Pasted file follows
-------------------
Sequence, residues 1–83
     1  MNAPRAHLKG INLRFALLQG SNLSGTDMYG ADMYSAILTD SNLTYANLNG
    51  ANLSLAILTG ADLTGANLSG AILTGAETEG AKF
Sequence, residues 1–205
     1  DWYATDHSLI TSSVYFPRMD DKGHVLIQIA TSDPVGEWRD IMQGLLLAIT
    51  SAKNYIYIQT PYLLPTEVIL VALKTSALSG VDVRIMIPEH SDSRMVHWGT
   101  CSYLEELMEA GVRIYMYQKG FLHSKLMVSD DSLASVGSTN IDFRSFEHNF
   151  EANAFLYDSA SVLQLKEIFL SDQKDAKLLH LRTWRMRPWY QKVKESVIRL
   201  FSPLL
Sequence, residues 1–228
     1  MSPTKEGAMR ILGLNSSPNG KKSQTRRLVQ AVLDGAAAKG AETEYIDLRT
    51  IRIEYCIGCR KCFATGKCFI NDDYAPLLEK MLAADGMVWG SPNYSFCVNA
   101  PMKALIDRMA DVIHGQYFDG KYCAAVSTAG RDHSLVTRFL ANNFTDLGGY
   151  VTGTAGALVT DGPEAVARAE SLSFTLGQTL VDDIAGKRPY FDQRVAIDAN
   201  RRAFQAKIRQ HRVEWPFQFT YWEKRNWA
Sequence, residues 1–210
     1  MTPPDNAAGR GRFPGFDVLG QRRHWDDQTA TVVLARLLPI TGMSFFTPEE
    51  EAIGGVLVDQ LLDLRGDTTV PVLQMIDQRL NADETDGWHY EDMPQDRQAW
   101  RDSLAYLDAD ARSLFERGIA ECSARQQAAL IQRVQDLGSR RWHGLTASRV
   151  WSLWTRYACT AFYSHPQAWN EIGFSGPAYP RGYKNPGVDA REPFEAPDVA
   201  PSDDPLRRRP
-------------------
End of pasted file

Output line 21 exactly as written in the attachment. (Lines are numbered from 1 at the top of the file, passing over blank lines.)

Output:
   201  PSDDPLRRRP